The Canadian government has adopted the Global
Plan of Action for Farm Animal Genetic Resources, an
international framework to conserve and use animal
“This global plan will help Canadian breeders and
researchers access genetic resources from other countries as well
as further support the export of Canadian animal genetics,” said Gerry
Ritz, the federal agriculture minister of agriculture.
The plan lists 23 strategic priorities including characterization, inventory and monitoring of trends and risks; sustainable use and development; conservation; and policies, institutions and capacity building, the government said in a release.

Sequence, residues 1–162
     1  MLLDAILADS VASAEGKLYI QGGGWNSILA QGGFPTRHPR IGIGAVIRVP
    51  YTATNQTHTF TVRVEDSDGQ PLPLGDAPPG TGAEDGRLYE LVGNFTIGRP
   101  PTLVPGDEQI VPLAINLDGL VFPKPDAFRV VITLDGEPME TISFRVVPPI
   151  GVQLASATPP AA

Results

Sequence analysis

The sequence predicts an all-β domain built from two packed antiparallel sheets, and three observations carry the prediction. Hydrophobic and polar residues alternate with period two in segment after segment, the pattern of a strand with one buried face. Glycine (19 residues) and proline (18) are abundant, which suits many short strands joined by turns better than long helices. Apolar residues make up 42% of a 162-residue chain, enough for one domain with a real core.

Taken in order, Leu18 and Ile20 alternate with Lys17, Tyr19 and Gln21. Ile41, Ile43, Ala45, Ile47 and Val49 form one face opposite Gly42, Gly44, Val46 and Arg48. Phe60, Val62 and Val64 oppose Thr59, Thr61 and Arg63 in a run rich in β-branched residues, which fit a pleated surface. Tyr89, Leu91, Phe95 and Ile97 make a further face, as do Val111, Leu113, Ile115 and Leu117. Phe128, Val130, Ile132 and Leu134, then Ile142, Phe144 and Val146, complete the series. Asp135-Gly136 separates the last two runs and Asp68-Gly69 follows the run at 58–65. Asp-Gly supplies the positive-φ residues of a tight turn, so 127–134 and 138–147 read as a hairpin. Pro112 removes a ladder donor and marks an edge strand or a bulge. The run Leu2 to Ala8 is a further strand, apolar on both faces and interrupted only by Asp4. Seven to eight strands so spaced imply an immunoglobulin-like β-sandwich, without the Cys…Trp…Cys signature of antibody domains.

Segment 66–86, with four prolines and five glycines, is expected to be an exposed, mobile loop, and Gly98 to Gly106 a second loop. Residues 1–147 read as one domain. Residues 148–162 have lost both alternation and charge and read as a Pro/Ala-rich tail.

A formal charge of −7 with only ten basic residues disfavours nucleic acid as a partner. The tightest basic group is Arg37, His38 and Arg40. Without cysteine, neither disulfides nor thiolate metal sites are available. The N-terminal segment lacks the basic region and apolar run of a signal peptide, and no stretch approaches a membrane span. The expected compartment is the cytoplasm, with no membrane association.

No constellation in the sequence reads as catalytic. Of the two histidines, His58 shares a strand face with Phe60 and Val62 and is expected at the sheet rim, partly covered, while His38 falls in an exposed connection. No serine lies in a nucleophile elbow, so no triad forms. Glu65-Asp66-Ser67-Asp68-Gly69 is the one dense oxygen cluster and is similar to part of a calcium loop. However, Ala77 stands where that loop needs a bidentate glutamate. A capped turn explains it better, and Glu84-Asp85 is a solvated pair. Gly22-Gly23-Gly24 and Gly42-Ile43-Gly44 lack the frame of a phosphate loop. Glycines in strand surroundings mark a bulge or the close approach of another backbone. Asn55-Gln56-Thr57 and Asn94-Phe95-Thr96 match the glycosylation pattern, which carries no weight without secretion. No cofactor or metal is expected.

The plan refers to animals used for food and agriculture, including not just the five main food species (cattle, sheep, goats, pigs and chickens) but also species such as horses, ducks, buffalo, yaks, camelids, rabbits, domestic geese and turkeys.
Canadian breeders, on average, export $88 million worth of
animal genetics each year, including horses, bovines and swine,
hatching eggs and bovine semen and embryos.
Canada joined 168 other countries in agreeing to the plan
through the Interlaken Declaration, a non-legally binding policy
statement, at the world’s first International Conference on
Animal Genetic Resources, in Interlaken, Switzerland, September 3-7.
Genetically diverse livestock populations are essential to
providing consumers with safe, quality products, and increasingly
important in meeting future challenges in animal production such
as environmental change, disease threats, human nutritional
requirements, fluctuating markets or changing societal needs, the federaal government said in a release.